Beaumont Palace Marker – Oxford, England - Atlas Obscura

Beaumont Palace Marker

A hidden plaque is the only reminder of the lost palace where two storied English kings were born. 


A small stone plaque almost hidden behind a green hedge is, together with the name of the street it stands on, all that reminds passersby today about a royal palace that once stood here. It wasn’t just any palace, either—it’s where two famous English kings were born.

The palace was built on the orders of Henry I, the youngest son of William the Conqueror, around 1130, soon after Henry built a hunting lodge in Woodstock seven miles to the north (approximately where the Blenheim Palace now stands). The King’s Houses, as the Beaumont Palace was then known, stood just outside the city and consisted of a hall, several chambers, and two chapels.

Henry I died in 1135, and none of his direct descendants managed to become a new ruler. But his grandson, Henry II, became the king in 1154. While he spent some time with his mistress(es) in the hunting lodge in Woodstock, his wife, Eleanor of Aquitaine, gave birth in Oxford to the future Richard the Lionheart in 1157 and to the future John, King of England (dubbed John Lackland), who is known for his signing of Magna Carta in 1215.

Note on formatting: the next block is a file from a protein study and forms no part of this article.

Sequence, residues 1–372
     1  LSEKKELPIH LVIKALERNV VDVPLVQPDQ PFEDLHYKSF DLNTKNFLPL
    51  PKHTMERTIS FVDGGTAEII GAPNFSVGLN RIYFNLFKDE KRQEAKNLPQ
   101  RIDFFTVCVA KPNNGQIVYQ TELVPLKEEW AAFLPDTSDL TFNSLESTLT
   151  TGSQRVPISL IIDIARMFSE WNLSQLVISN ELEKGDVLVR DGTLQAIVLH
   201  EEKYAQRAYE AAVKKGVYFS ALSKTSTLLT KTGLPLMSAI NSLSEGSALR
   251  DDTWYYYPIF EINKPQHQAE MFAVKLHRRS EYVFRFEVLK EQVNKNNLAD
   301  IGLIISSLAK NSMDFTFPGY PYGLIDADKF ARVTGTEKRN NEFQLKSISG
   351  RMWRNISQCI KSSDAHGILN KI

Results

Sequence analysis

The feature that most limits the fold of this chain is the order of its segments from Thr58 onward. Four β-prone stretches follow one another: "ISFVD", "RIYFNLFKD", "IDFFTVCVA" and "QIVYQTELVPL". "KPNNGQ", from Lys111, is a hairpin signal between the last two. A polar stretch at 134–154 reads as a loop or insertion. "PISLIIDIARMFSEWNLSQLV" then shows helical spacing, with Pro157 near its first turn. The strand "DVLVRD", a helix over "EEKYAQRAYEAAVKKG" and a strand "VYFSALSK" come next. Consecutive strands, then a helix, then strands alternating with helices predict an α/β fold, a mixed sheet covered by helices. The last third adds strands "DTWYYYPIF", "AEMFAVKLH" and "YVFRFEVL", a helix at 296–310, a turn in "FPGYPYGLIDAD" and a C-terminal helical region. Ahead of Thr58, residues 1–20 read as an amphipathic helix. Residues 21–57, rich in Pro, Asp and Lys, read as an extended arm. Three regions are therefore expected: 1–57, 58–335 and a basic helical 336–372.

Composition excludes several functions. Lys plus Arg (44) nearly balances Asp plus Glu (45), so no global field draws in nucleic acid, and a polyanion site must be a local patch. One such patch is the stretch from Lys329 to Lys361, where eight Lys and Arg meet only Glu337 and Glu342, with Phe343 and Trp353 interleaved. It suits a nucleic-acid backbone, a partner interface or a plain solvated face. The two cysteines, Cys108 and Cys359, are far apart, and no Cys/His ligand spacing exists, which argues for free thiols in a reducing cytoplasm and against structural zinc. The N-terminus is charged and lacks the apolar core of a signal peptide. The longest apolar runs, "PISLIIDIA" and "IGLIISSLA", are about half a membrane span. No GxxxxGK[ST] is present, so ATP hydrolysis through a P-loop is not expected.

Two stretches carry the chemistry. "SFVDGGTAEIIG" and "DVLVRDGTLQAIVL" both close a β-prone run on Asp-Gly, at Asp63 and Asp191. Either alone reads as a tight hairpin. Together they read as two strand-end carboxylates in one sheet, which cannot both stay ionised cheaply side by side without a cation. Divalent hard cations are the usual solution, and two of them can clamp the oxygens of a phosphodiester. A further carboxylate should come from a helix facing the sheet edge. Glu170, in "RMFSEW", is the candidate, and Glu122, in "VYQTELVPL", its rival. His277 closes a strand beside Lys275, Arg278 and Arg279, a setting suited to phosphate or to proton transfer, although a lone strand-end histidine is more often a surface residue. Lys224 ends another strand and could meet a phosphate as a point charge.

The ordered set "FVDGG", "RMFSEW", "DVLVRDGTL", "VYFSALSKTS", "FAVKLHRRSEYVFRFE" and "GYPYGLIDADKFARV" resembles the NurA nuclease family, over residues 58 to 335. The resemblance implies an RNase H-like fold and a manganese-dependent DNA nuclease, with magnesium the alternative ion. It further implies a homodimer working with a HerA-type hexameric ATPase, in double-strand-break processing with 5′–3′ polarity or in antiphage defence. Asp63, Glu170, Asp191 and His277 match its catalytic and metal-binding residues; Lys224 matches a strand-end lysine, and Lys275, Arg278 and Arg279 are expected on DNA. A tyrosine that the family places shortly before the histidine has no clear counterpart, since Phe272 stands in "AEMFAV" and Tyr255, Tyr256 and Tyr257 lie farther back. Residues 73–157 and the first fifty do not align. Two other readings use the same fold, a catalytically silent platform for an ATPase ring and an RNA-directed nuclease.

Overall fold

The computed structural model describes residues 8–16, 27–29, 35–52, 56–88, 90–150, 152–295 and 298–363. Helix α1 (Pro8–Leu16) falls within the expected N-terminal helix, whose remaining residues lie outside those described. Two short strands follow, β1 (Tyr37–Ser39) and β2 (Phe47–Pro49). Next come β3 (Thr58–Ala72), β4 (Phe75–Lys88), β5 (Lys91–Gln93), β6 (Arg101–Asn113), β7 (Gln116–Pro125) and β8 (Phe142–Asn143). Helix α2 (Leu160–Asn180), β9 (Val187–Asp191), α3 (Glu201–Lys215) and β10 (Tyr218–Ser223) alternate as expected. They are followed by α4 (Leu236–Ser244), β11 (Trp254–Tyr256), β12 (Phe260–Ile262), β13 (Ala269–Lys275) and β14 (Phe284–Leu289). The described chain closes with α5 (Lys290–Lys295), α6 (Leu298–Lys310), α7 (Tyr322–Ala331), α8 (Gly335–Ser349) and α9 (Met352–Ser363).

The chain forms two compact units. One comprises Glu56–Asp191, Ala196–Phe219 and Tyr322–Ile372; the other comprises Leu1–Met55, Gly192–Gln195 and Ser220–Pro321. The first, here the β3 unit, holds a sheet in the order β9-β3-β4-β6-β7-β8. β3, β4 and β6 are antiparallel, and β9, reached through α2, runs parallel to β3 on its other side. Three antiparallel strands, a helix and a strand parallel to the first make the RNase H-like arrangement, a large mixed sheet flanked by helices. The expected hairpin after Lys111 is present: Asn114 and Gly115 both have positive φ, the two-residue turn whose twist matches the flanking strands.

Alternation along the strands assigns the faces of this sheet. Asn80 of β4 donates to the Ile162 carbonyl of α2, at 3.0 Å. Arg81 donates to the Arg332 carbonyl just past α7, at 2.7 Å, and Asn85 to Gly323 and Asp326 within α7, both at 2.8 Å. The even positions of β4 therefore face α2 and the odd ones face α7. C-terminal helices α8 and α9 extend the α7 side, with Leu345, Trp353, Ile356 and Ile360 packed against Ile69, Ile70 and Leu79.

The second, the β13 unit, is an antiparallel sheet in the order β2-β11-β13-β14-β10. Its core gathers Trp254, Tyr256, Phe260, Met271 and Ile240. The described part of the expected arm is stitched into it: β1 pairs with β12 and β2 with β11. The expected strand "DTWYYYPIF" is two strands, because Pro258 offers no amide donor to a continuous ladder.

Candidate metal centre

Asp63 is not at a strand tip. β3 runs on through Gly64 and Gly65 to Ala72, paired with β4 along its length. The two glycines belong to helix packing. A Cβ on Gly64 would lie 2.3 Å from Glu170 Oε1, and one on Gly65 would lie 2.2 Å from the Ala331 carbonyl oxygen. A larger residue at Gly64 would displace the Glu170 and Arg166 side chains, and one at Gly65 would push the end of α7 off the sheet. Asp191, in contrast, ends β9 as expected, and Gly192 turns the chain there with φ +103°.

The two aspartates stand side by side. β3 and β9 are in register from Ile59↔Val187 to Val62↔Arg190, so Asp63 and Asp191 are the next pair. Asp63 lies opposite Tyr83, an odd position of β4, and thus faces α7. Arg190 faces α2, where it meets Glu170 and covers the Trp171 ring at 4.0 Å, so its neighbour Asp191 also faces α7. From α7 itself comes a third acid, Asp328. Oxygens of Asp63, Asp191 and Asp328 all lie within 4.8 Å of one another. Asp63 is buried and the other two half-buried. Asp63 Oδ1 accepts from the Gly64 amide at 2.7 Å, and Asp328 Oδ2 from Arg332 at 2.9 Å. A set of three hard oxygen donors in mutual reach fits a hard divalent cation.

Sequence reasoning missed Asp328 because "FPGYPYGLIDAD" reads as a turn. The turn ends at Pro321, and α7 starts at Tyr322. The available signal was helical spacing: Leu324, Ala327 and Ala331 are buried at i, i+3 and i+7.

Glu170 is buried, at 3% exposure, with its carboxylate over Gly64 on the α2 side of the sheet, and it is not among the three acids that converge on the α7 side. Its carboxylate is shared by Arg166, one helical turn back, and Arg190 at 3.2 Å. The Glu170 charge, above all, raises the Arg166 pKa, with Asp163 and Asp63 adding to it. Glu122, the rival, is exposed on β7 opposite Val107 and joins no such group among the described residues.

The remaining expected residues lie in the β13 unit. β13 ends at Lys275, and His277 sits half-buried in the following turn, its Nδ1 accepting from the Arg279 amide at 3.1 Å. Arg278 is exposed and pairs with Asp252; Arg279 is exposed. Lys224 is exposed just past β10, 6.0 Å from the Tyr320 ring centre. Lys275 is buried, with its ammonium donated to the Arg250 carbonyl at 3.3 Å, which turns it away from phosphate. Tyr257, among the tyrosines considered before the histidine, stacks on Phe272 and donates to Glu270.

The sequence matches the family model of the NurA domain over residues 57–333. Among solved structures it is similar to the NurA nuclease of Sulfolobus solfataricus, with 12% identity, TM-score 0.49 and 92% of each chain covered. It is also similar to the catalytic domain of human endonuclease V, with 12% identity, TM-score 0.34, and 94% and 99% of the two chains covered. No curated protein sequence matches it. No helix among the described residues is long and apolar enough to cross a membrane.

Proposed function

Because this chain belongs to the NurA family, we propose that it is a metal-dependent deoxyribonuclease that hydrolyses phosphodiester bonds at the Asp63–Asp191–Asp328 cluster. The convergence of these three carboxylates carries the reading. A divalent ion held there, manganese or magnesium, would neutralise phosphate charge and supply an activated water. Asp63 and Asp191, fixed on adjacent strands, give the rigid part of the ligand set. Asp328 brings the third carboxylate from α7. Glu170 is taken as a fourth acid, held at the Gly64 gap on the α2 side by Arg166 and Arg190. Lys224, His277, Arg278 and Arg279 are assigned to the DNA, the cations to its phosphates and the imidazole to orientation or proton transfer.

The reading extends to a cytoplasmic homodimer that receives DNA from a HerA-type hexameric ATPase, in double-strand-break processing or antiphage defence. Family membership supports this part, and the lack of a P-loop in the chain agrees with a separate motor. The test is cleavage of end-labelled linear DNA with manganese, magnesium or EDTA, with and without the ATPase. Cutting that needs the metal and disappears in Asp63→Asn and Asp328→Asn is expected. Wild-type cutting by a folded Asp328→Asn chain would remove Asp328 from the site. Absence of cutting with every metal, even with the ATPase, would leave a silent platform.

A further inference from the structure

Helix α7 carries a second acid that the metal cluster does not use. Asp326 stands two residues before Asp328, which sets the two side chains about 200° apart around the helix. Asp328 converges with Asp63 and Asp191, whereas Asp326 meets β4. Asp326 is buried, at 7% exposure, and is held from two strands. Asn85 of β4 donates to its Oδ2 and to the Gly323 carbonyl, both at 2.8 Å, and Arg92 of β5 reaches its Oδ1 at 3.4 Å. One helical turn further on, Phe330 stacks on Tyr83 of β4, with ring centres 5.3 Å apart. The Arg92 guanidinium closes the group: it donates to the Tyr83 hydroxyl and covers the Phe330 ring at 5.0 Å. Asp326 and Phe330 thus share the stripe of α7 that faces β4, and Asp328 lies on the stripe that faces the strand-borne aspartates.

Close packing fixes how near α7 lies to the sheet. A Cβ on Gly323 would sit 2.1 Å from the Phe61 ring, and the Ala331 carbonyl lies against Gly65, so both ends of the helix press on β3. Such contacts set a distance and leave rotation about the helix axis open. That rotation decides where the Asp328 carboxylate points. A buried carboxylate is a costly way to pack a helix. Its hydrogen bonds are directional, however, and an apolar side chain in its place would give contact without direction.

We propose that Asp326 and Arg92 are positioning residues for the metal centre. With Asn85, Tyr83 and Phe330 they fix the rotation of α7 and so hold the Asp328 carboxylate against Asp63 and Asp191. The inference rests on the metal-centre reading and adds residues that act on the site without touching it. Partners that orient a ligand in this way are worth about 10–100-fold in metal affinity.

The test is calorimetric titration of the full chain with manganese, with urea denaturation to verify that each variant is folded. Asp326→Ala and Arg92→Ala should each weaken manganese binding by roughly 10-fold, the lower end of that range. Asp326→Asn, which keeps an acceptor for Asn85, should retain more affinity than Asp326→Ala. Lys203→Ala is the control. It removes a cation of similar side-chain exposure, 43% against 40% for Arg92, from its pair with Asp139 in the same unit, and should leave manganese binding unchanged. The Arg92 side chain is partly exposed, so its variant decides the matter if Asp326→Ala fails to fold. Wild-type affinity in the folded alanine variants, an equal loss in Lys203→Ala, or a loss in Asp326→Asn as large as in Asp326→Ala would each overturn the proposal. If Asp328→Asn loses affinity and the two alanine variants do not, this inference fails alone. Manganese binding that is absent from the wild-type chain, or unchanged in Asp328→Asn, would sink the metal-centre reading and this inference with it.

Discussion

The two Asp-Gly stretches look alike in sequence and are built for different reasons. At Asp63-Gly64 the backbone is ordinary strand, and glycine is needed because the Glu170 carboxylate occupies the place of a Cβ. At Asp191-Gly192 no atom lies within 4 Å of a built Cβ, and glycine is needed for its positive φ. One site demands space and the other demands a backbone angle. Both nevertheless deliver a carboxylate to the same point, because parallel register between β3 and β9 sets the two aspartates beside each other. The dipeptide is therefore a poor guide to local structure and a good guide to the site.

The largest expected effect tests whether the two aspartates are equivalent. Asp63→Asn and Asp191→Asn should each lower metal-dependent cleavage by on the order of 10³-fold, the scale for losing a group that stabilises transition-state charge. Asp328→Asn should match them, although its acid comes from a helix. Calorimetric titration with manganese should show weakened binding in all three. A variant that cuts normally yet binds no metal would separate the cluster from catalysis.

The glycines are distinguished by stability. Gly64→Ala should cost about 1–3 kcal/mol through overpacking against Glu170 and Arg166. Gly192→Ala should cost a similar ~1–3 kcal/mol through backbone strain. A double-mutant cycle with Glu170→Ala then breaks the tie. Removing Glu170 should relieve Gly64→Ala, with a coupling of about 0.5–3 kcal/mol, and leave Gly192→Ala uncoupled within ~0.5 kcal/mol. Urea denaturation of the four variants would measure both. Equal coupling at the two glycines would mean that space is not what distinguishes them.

John’s grandson, Edward I, was the last king who lived in the Beaumont Palace. In 1275, he presented the palace to an Italian lawyer named Francesco Accorsi. But the palace’s grandeur was not meant to last. In 1308, Oxford sheriffs were granted permission to use bricks from the palace to repair the Oxford castle. In 1318, Edward II, after escaping the Battle of Bannockburn unscathed (which could not be said of the English army as a whole), transferred what remained of the Beaumont Palace to the Carmelites. The connection to the Royal Court remained, and Henry VI reportedly stayed in the monastery several times in the middle of the 16th century.

The time of dissolution came, and even though on the Oxford map of 1605 the “Whight Friars” are still shown at the location of the palace, it was more a historical name rather than an actual designation.

Know Before You Go

The plaque is on the north side of Beaumont street, near the corner of Walton street

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